I know of one practice where the wait time is killing the person who runs the practice, because the doctors want to get in as many people as they can – they don’t care about wait times, they just look at how many patients they saw in a day. Slowly over the past few years, their reputation has been spreading as a horrible place to go. Not because the doctors are incompetent, but because you wait for four hours to get your appointment if you’re in the latter half of the day. And the doctors don’t care.

 

But what they’re not seeing – because they’re just seeing the dollars as the patients are still coming in – is that the volume has started to drop off because people are talking about this in reviews, saying “this is a bad thing, be prepared for this, this sucks.” That leads new potential patients to think, “well I have this option, where I probably won’t be met on time, or I have the guy down the street with glowing reviews about everything being wonderful and happy what a great experience… Of course I’m going to choose the latter.”

 

So over time, and it’s been a slow trickle, this practice’s volume has dropped off more and more because this information is constant. Looking through their reviews on different sites, it’s the same thing over and over again. And the doctors won’t address it as an issue; they won’t try to fix it because it would mean less money in their pockets right now. But what they’re not realizing is that two or three years down the road, there will be no money coming in because nobody will want to go there.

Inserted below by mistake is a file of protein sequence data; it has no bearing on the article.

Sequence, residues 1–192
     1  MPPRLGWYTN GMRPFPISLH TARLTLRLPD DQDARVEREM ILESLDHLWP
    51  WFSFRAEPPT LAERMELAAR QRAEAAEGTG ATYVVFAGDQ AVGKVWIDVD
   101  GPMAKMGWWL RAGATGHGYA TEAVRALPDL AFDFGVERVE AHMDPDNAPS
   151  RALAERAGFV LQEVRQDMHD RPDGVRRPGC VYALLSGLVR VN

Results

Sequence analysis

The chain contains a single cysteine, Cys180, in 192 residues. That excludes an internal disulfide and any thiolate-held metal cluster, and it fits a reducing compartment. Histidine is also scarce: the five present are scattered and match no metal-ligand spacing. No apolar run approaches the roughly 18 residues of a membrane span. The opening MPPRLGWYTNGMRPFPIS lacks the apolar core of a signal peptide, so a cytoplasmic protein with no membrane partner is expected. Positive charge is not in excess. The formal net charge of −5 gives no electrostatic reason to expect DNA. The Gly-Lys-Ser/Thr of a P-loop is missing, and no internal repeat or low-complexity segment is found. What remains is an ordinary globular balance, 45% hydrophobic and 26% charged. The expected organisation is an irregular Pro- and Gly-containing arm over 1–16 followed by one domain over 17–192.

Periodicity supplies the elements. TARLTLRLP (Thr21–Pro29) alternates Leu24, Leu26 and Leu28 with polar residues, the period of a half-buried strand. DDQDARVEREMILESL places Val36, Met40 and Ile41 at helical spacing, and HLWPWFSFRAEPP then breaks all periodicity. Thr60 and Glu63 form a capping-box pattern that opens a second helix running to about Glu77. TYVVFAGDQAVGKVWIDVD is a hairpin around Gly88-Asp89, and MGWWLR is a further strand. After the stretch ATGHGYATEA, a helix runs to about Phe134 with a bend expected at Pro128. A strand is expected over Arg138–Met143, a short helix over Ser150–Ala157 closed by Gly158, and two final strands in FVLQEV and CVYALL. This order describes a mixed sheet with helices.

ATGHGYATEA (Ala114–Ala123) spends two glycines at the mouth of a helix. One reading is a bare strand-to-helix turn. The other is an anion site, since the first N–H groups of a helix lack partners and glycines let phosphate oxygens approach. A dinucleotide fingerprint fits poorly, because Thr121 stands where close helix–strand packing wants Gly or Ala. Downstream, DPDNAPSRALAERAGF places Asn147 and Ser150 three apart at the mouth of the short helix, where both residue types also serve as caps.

But gathering that information will work in your favor. If you can correlate 2 or 3 months of this data from reviews to the patient level dropping off, you now have information to take to your practice, to the doctors, and say, “look, this is why we’re not getting the volume we used to – because people are getting this information.”

 

Ophthalmologists are now starting to pay attention to reputation and reviews. And the ones starting to pay attention now are still losing out because the ones who have been doing it forever are SO far ahead of them…